Our approach to implementing a widespread change in the culture of teaching and learning in the sciences at UNC-Chapel Hill featured an individual-centered, largely emergent strategy. We focused on professional development via the support of mentor-apprentice relationships within the context of teaching reformed curricula in gateway courses. In our model, a mentoring teacher (often, a term faculty member, who may have a background in discipline-based educational research) would partner with an apprentice teacher (often, a tenure-track or tenured faculty member) in an individual course or as part of a larger group of faculty running coherent, multiple sections of a single course.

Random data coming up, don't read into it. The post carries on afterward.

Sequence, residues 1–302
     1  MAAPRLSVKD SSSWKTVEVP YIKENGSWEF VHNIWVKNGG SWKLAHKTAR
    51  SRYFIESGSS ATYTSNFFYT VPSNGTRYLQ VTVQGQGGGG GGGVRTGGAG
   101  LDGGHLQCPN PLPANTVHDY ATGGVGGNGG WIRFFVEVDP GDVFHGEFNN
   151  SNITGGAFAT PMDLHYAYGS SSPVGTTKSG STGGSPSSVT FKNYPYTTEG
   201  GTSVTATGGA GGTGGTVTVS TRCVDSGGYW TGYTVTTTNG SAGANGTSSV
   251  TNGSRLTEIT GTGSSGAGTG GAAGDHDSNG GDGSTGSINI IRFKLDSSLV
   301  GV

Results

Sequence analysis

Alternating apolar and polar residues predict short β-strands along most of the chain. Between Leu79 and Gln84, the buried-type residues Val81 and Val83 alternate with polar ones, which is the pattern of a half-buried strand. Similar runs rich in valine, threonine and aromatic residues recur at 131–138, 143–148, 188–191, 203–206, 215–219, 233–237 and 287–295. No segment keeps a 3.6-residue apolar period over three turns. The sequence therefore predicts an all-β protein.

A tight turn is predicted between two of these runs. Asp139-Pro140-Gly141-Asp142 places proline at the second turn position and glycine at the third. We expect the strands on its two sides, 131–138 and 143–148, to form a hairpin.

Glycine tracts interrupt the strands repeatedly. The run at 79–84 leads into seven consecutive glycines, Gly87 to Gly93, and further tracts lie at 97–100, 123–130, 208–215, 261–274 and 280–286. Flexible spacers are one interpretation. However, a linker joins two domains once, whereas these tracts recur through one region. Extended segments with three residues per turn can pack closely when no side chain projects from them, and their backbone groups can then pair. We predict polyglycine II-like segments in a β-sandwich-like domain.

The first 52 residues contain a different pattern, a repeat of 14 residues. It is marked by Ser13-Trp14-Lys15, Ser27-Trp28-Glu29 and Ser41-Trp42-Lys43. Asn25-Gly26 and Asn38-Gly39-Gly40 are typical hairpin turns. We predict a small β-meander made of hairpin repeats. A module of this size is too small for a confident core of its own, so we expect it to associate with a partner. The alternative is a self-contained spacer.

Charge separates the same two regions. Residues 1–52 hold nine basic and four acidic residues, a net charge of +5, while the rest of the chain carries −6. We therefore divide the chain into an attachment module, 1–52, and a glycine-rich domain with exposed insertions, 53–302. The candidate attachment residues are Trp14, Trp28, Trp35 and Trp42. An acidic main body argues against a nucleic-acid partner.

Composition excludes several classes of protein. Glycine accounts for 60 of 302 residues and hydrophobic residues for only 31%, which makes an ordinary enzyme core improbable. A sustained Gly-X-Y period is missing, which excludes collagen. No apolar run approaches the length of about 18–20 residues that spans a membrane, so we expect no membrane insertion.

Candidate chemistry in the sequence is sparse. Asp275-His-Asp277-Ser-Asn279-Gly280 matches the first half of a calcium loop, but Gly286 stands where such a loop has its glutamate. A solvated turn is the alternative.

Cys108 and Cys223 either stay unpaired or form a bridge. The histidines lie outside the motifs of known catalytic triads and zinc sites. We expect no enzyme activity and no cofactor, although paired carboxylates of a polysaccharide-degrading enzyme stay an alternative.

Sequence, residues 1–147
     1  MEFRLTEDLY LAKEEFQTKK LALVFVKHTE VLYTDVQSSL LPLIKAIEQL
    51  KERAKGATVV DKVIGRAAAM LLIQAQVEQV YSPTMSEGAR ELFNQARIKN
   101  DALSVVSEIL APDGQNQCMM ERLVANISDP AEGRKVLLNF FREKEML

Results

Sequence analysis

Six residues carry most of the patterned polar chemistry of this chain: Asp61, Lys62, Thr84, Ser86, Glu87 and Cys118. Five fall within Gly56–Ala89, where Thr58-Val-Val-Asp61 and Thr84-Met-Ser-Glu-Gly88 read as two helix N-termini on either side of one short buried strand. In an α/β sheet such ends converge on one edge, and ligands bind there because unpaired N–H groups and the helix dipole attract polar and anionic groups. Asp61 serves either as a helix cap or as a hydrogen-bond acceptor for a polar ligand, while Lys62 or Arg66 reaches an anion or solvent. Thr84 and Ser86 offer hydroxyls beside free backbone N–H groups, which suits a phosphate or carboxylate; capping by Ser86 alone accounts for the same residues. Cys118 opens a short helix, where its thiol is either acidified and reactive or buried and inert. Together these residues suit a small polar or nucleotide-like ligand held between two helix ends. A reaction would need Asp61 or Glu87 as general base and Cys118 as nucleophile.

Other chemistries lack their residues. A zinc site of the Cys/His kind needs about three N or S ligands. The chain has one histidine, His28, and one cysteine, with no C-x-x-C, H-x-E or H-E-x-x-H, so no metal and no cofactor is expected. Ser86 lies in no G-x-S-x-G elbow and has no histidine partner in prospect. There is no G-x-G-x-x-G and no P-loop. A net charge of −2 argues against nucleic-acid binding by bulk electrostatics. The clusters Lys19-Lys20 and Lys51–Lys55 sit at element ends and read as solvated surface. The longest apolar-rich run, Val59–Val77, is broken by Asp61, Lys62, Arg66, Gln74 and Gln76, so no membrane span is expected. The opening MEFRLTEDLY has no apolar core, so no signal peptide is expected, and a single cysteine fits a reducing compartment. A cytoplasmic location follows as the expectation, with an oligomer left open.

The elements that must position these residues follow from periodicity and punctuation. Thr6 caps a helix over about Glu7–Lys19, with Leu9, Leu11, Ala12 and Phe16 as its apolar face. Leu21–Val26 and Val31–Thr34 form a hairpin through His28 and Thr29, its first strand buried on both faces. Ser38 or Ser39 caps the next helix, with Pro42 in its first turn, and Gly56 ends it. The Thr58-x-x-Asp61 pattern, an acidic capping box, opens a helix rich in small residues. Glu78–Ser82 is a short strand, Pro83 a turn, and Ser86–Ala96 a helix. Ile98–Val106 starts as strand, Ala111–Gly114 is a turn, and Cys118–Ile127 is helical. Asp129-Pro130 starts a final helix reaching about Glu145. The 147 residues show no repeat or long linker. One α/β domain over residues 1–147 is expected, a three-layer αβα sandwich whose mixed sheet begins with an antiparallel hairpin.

Hogan, K. A., Krumper, J., McNeil, L. E., & Crimmins, M. T. (2016). Advancing evidence-based teaching in gateway science courses through a mentor-apprentice model. In G. C. Weaver, W. D. Burgess, A. L. Childress, & L. Slakey (Eds.), Transforming institutions: Undergraduate STEM education for the 21st century (pp. 77-89). West Lafayette, IN: Purdue University Press.